A federal jury found Ahmed Abu Khattala guilty Tuesday on just four of 18 charges related to the deadly 2012 attack on the U.S. consulate in Benghazi, Libya, precluding him from facing the death penalty.

Khattala was convicted of two counts of conspiracy to provide material support to terrorists, one count of maliciously destroying U.S. property and placing lives in danger, and one count of using and carrying a semiautomatic weapon during the attack. He faces up to 60 years in prison if given the maximum sentence on all counts.

The verdict brought an end to a trial that had been one of the most significant terrorism prosecutions in recent years in a U.S. civilian court, even though the Trump administration had argued such suspects are better sent to the military prison at Guantanamo Bay, Cuba.

CIA Director Mike Pompeo called the verdict “a small measure of justice” for the attacks, which became a political lightning rod as Republicans accused President Barack Obama’s administration of intentionally misleading the public and stonewalling congressional investigators. An investigation into the attack led to the disclosure of then-Secretary of State Hillary Clinton’s private email server.

“It took intelligence to find him, soldiers to assist in capturing him, law enforcement to interview him, and a legal team to put him away,” Pompeo said in a statement. “Khatallah’s [sic] sentencing is to follow; but no term in prison will bring our people back.”

The initial attack killed at the U.S. mission killed Chris Stevens, the American ambassador to Libya, and Sean Patrick Smith, a State Department information management officer. Nearly eight hours later at a CIA complex nearby, two more Americans, contract security officers Tyrone Woods and Glen Doherty, died in a mortar attack.

FILE - This June 28, 2014, file courtroom sketch, United States Magistrate, Judge John Facciola, swearing in the defendant, Libyan militant Ahmed Abu Khattala, wearing a headphone, as his attorney Michelle Peterson watches during a hearing at the federal U.S. District Court in Washington. The trial of Khattala, the Libyan militant accused of being the mastermind of the 2012 Benghazi attacks is scheduled to begin on Oct. 2, 2017. (Dana Verkouteren via AP, File)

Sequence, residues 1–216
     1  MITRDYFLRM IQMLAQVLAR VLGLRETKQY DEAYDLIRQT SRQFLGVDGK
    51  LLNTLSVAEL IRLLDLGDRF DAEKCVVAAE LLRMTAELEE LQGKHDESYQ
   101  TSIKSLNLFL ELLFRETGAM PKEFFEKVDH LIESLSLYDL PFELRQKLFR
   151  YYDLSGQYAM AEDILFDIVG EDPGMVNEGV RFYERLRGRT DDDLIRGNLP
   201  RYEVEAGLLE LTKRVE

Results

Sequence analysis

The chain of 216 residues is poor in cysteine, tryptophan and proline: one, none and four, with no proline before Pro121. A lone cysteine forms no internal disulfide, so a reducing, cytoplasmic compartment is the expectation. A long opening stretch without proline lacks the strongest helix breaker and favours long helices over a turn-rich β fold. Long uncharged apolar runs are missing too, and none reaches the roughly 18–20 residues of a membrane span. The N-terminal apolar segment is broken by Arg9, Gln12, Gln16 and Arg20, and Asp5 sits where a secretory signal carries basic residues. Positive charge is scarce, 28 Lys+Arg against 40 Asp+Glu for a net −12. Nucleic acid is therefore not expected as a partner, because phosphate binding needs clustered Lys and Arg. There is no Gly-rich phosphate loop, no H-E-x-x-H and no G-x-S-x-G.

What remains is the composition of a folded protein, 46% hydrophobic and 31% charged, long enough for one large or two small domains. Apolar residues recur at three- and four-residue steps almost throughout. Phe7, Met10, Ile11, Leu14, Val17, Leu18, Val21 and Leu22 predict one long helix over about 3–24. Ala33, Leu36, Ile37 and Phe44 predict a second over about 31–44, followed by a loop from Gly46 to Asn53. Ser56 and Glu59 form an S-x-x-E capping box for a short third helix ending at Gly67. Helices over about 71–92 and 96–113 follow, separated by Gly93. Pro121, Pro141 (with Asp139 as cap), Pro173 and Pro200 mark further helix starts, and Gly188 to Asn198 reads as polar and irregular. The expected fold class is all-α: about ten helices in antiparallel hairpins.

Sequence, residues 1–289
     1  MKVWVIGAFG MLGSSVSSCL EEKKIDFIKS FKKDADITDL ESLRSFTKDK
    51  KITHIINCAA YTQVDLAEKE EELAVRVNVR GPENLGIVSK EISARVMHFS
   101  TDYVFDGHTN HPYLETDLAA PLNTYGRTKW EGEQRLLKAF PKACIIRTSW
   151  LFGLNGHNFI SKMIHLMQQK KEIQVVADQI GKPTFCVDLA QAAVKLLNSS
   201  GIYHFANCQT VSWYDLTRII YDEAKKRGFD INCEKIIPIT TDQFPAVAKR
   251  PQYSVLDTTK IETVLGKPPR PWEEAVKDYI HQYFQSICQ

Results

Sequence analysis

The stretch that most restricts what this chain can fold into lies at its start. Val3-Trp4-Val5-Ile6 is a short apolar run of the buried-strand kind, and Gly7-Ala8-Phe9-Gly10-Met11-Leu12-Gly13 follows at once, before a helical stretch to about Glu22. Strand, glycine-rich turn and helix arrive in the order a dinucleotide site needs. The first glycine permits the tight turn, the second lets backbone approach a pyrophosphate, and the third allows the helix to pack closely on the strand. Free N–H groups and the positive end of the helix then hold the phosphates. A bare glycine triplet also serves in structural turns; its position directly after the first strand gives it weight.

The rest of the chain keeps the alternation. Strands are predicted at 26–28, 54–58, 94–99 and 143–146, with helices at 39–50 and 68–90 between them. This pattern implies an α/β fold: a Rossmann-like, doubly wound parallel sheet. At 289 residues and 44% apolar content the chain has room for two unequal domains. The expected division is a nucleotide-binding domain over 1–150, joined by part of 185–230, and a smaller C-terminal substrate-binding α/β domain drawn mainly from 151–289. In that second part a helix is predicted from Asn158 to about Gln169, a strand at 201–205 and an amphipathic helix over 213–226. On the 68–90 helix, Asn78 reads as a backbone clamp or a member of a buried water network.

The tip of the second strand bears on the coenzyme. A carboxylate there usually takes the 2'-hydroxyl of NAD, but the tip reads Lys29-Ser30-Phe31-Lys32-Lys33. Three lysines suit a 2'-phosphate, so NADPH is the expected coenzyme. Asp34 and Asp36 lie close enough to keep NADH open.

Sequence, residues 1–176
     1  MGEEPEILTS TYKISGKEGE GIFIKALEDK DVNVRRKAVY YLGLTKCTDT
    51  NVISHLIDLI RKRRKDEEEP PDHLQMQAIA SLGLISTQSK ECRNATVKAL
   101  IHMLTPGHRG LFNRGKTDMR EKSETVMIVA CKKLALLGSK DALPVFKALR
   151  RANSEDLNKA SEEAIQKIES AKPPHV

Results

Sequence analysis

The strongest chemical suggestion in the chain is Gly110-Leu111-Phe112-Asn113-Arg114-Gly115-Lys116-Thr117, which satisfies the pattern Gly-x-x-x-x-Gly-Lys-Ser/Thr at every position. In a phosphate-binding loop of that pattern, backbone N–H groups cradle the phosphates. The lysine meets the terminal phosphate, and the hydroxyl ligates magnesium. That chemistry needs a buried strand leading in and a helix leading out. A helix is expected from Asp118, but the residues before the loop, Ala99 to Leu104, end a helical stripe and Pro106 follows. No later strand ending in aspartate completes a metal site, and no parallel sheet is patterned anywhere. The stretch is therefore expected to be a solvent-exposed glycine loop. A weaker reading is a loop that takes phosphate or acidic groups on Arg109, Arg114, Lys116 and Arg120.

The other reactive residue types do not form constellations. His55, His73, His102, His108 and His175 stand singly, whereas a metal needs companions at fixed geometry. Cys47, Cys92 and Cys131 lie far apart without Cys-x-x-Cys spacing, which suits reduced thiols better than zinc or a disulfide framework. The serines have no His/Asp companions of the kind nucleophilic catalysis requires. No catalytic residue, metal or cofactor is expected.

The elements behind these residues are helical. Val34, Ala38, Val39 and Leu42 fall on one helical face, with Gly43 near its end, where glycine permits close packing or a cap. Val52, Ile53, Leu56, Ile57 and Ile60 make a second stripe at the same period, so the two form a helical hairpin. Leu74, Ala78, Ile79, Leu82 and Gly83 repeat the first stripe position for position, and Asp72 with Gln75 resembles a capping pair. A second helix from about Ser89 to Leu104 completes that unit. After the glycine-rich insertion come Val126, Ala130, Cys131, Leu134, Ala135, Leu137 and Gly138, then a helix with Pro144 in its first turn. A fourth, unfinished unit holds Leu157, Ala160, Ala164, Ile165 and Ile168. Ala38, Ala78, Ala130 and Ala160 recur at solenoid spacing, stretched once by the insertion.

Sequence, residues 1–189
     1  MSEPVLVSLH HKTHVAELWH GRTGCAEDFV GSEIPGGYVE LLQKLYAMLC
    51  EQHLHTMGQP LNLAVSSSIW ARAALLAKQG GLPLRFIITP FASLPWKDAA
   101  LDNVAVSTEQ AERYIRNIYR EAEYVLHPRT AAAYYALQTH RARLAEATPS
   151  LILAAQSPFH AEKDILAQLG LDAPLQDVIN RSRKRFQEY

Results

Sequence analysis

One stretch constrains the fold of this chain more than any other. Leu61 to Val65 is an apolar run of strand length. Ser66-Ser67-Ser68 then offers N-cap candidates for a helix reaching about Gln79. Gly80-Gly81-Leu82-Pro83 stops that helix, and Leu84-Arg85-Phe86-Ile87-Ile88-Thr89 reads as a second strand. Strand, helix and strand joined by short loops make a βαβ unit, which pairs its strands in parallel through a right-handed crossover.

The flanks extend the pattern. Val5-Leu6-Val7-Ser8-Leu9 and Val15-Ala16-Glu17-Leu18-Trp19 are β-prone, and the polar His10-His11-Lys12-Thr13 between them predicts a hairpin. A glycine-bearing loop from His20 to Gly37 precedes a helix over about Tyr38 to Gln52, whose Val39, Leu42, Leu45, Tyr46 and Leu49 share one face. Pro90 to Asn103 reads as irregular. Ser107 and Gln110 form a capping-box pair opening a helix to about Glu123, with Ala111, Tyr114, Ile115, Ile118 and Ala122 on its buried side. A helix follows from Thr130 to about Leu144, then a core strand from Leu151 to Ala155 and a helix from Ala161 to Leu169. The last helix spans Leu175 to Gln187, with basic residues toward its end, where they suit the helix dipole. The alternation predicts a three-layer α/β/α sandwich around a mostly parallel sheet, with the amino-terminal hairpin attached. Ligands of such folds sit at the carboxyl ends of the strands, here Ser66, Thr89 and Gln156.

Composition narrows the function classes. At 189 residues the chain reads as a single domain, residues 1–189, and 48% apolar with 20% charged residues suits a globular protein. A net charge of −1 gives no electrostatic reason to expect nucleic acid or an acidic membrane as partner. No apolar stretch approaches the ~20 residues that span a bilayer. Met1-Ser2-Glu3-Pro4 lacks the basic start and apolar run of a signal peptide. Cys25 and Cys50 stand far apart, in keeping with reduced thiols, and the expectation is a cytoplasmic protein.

Khattala, pictured here during a 2014 hearing, faced the death penalty of convicted of the most serious charges.

 (Dana Verkouteren via AP/File)

“I am not surprised. I am not happy,” Sean Smith’s mother, Pat, said in a statement responding to the verdict. “My son died a horrible death … I think the people who bear responsibility — Secretary of State Hillary Clinton — aren’t even touched.”

Prosecutors had claimed that Khattala had planned the ambush for at least a year and served as the “on-scene commander” for a band of armed men who stormed the complex with the aim of killing American personnel and plundering maps, documents and other property from the post.

“He viewed the United States, which promoted freedom, as the cause of all the world’s problems,” Assistant U.S. Attorney Michael C. DiLorenzo told the jury in closing arguments earlier this month. “He was there to kill Americans, and that is exactly what he and his men did.”

Defense attorney Michelle Peterson described Khattala as a “Libyan patriot” who fought on America’s side in the war against the late Libyan dictator Muammar Qaddafi. She described Khattala as a deeply religious man who believes in conservative sharia law as outlined in the Koran, which “is not the same thing as terrorism,” she said.

Peterson also cast doubt on the government’s witnesses, in particular an informant who was paid $7 million to befriend Khattala, help the government gather information on him and arrange his capture. The informant helped link Khattala to the attackers, and prosecutors said they are seen on grainy surveillance video milling about the complex with guns.

Rather than being sent to Guantanamo, Khattala was brought to the U.S. in 2014 and questioned over 13 days aboard a Navy transport ship. He was interrogated for days to obtain national security intelligence before being advised of his rights. A new team of FBI investigators then pressed him some more, this time to produce evidence prosecutors could present at trial.

Defense attorneys argued the interrogation tactic was illegal, but Khattala did identify other members of the Islamic extremist militia group blamed for the Benghazi attack. Among the men he pegged was Mustafa al-Imam, who was captured last month and faces trial in the same federal courthouse in Washington.

Fox News’ Jake Gibson and Catherine Herridge contributed to this report. The Associated Press also contributed to this report.